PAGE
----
• 1 large egg
  • 3  tablespoons all-purpose flour
  • 50 ml milk
  • 250 grams cups Berries of choice – I used sour cherries

Mix all ingredients (except fruit) in a bowl or stand mixer with the paddle attachment and mix until smooth. It should be a nice pudding like consistency. Then gently stir in the berries careful not to break them apart and layer over the chocolate brownie base. Using a knife swirl it around so that you can see the chocolate layer peeking though. Just don’t over mix because then you won’t get the cheesecakey chunks… which by the way… are luscious! You can also reserve a few berries and lay them on top of the mixture, pressing them down gently before baking.

Bake at 350 degrees for about 40 – 45 minutes and let cool before attempting to lift out of the pan. Slice and enjoy!

Peanut Butter Cheesecake Brownie

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Usually when people hear the words, ‘unexpected vacation’ they think that someone was whisked off to a tropical destination; sun kissed sandy beaches, short loose dresses, sunscreen and plane rides to distant and beautiful places. I wish that were the case but alas my unexpected vacation is simply an unplanned day at home… awaiting the local septic guy and then later… when the news was shitty (excuse the pun)… awaiting another, more expensive guy to come and give us a cost of drilling a new line from the house to our septic tank. Not that we had a choice if we don’t like the number he comes up with… there is no relic of an outhouse we can resort to out back now that the weather is almost getting nicer.

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Seems we dodged a bullet late last week when on a windy day a couple of shingles flew off the roof and we were fortunate to find that it was just a matter of too much wind and too few nails, the rogue shingles were tacked back on as were the few flapping on the roof and we could forge ahead over this little bump in the road. Apparently this was not the case with the septic issue. Ah the joys of living in the country.

 

It was snowing this morning, I’m not wearing a summer dress or dowsing myself with sunscreen or better yet, baby oil, and I’m not cracking open a good book to read.   Instead I was pacing from one room to another, frustrated that I wasn’t at all prepared for a day off even in quasi-crappy weather.   Thank goodness for my work-wife’s vices… after texting my misery back and forth she suggested I make brownies. Actually… she suggested that she would be an assassin for some. Brownies aren’t something I make very often so… aware that I didn’t have much milk in the fridge and being subjected to a ‘waiting’ kind of house arrest I scanned Foodgawker for a brownie recipe that didn’t require much milk. Much to my surprise brownies don’t actually need much milk, if any at all.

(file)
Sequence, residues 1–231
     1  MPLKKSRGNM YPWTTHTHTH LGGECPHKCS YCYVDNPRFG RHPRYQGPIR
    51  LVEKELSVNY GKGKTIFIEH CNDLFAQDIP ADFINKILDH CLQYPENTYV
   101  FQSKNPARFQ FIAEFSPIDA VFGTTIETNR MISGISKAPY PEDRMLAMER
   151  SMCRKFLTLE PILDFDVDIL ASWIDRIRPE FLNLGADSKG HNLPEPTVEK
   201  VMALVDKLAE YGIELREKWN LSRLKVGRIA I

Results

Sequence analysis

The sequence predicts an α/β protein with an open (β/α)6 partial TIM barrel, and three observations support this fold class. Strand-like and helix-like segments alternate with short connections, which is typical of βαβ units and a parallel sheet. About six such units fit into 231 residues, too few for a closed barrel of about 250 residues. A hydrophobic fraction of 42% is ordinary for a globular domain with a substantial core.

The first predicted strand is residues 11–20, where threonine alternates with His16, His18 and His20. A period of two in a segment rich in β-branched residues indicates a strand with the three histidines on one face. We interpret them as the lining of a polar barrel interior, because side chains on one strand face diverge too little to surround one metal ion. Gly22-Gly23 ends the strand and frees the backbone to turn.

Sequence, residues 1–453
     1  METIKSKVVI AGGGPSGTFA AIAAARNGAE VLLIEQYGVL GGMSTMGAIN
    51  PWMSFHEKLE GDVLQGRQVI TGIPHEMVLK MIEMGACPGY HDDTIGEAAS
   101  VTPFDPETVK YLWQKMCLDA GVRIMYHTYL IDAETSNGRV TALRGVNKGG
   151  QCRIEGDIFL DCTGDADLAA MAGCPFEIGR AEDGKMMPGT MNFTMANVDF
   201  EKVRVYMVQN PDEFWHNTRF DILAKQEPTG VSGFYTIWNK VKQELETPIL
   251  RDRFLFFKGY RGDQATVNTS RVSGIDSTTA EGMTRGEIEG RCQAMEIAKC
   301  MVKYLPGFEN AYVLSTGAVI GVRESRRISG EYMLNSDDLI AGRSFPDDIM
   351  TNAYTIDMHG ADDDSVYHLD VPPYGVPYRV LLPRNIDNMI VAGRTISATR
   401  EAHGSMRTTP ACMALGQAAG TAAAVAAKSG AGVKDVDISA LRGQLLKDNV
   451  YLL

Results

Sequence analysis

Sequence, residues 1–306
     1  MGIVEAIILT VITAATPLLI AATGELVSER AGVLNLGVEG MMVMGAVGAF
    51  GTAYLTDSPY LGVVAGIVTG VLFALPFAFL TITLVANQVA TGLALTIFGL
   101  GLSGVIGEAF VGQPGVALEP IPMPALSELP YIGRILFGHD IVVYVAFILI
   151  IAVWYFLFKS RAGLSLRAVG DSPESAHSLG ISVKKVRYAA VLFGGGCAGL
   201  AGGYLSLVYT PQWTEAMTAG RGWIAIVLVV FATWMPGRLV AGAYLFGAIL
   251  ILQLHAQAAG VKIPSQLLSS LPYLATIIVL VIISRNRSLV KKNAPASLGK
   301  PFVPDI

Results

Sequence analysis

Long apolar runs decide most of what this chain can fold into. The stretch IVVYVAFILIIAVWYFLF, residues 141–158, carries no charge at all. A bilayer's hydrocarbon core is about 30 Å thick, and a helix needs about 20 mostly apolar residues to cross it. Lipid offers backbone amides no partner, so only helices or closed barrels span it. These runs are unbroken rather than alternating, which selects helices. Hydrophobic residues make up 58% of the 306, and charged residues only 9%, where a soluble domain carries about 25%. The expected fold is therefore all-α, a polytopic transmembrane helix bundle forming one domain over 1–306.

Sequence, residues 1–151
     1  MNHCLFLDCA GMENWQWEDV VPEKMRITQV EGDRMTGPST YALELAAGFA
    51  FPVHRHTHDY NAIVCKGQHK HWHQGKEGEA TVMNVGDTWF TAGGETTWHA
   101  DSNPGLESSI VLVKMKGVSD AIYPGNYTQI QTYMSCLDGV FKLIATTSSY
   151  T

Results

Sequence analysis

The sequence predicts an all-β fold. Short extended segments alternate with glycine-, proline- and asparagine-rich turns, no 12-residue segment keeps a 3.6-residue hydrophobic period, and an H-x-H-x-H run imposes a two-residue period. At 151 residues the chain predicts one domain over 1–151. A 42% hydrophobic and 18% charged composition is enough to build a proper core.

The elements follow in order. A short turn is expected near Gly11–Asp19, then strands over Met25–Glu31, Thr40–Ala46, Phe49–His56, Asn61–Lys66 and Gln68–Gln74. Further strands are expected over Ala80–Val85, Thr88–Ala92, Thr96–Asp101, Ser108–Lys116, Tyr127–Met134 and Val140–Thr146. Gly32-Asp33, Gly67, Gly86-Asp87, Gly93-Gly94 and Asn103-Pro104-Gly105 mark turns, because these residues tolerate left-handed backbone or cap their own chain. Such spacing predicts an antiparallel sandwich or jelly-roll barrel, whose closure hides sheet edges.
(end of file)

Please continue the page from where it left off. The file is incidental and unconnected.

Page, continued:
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Thus my mission! I suppose at times like these my short attention span is very helpful. In between the arrival of repairmen I managed to make a couple of different brownies. Sour cherry cheesecake brownies since I had some sour cherries squirreled away in the freezer and peanut butter cheesecake chocolate brownies. I also decided to make some scratch pasta rolls…. These will be up on the blog soon… seriously a good comfort food for the kind of day we’re having at our house. :)

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For now I give you Peanut Butter Cheesecake Brownies… so good and easy they are absolutely sinful! Though they look a little like a dense cake… trust me… they come with all the brownie goodness. Thanks so much to Skanoismintys for the inspiration and the base of this recipe! And thanks to my sister wife for unexpectedly holding down the fort at work and for reminding me to BAKE SOMETHING! Cooking and baking really does take my mind off the crappy (again sorry for the pun) kind of week we’re having and it almost doesn’t feel like I’ve wasted a vacation day!

Brownie layer

  • 250 grams butter
  • 5 eggs
  • 300 grams white sugar
  • 70 grams high quality cocoa powder
  • 120 grams all-purpose flour
  • A pinch of salt (unless you’re using salted butter)

Melt the butter and leave to cool for a bit, I put mine in the microwave for about 1 minute on high. Mix sugar and eggs for about 5 mins, until it becomes pale and fluffy. Slowly pour in the melted butter while still mixing. Then gently mix in the flour, cocoa powder and salt until incorporated, but don‘t over mix.  Pour into a 9×13 pan with parchment paper coated in spray.

Cheesecake layer

  • 300 grams cream cheese
  • 150 grams white sugar
  • 1 large egg
  • 3 – 4 tablespoons all-purpose flour
  • 100 ml milk
  • 4 tablespoons of PB2

Mix all ingredients in a bowl or stand mixer with the paddle attachment and mix until smooth.  It should be a nice pudding like consistency.  Pour the Peanut Butter layer over the chocolate brownie base and using a knife swirl it around so that you can see the chocolate layer peeking though. Just don’t over mix because then you won’t get the cheesecakey chunks… which by the way… are luscious!

Bake at 350 degrees for about 40 – 45 minutes and let cool before attempting to lift out of the pan.  Slice and enjoy!

 

Kôprová Omáčka – Dill Sauce with Dumplings (Knedliky) and Beef

Posted by Pussycat in Main Dishes | 11 Comments